Meyer Sound’s Spacemap for Primal Energies
Thursday, 9 July 2020
primalenergies1Visitors are immersed in a blend of energy-related sounds reproduced
Austria - A new exhibition by sound artist Bill Fontana entitled Primal Energies opened 1 July at Kunsthaus Graz. Occupying the museum’s vast ovoid dome Space 01 Gallery, Primal Energies pays homage to the future of renewable energy through a mesmerising mix of video imagery and evocative soundscapes that portray our planet’s expanding wind, solar, hydroelectric and geothermal resources.
While viewing images on the eight large screens, visitors are immersed in a blend of energy-related sounds reproduced by 64 Meyer Sound self-powered loudspeakers. The impact of the installation is further enhanced by dynamic spatial sound movements created and automated using a beta version of Meyer Sound’s soon-to-be-released Spacemap Go technology.
Sounds and images for the work were recorded on location by Fontana with assistance from Scott George of London-based Autograph Sound. During this preparatory period, Fontana and George - both of whom have long association with Meyer Sound - were recruited to serve as beta testers of Spacemap Go.
A spatial sound design and mixing tool that leverages the processing power of the Galileo Galaxy Network Platform, Spacemap Go provides ‘an easy-to-use interface for multi-channel panning using one or more iPads connected to systems comprising multiple Galaxy processors’.
“We used Spacemap Go extensively on Primal Energies,” says Fontana. “It’s the ‘digital brain’ behind all that is happening with dynamic spatialisation of sound. In that realm, it lets me do everything I did before using the D-Mitri system, but working directly with Galaxy makes it far more cost effective, particularly if you are planning something as a permanent installation in a museum or architectural setting.”
Fontana also was impressed by the creative freedom afforded by Spacemap Go’s intuitive iPad app. “We used the iPad to set up everything on site. We wanted to create a kind of sonic choreography through the space, and the flexibility of Spacemap Go made it the ideal tool for making that happen.”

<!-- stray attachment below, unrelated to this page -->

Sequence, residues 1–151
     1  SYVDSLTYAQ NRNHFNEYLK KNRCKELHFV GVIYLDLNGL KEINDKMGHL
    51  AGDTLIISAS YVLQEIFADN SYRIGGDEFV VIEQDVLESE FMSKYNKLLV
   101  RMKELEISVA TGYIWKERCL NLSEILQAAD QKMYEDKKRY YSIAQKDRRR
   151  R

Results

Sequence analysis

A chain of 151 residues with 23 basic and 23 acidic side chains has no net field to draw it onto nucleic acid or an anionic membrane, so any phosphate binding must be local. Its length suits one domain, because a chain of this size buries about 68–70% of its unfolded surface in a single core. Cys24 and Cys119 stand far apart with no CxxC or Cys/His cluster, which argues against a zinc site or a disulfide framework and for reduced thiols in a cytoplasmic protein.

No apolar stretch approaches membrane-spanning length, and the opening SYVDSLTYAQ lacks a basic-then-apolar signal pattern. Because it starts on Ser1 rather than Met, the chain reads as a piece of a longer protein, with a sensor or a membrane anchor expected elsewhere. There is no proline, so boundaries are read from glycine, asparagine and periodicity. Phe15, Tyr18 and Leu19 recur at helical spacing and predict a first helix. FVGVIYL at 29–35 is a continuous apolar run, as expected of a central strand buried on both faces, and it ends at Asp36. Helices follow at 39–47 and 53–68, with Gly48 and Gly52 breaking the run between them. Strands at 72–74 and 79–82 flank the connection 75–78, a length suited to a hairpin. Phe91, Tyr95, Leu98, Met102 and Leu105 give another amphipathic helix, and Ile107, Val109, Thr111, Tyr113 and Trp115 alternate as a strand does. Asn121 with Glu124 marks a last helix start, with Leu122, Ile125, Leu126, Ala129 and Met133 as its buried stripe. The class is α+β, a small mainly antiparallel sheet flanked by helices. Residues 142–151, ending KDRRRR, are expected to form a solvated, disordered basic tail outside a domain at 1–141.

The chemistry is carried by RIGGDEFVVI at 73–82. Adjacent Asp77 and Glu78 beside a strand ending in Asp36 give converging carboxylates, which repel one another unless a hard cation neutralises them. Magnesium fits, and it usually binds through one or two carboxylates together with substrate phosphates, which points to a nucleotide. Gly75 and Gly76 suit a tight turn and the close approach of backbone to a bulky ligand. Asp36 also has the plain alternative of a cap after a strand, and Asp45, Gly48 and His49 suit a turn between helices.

Scott George has collaborated with Fontana on more than a dozen projects over the years, and with Primal Energies he was again charged with overall AV system design, as well as design specifics for the audio system within the 900 m2 space.
Fontana’s ‘sonic canvas’ was a matrixed grid of 56 Meyer Sound UPM-1P full-range loudspeakers augmented by eight 900-LFC low-frequency control elements. For the front end of the audio system, George specified a Mac Mini computer loaded with QLab software for the 24 channel playback and central show control, connecting to the four distributed Galaxy processors over an AVB network. All the spatial trajectories were created on site with Spacemap Go then saved as a file for automated panning in synchronization with the playback programme.
“The iPad interface for Spacemap Go makes it much simpler and more intuitive for the sound artist to grab a sound and move it around wherever desired, rather than using a mouse or a keyboard,” observes George. “This also allows Bill to bring in multiple cues at the same time, so he can try out various trajectories before we save them. And the fact that you can use multiple iPads simultaneously allows sound artists to work collaboratively in the same space.”
Another key member of the Primal Energies project team was Martin Beck of the Austrian firm Technik für Kunst and Kuturprojekte. Beck supervised the on-site installation and his company also provided all AV equipment, except for the Meyer Sound loudspeakers which were provided by PRG Hamburg.
Primal Energies was curated by Katrin Bucher Trantow and is presented in cooperation with the University of Art Graz, Ö1 Kunstradio (ORF), Radio Helsinki, mur.at, FunkFeuer Graz and the Kultur inklusiv Project, with further support from the AVL Cultural Foundation.

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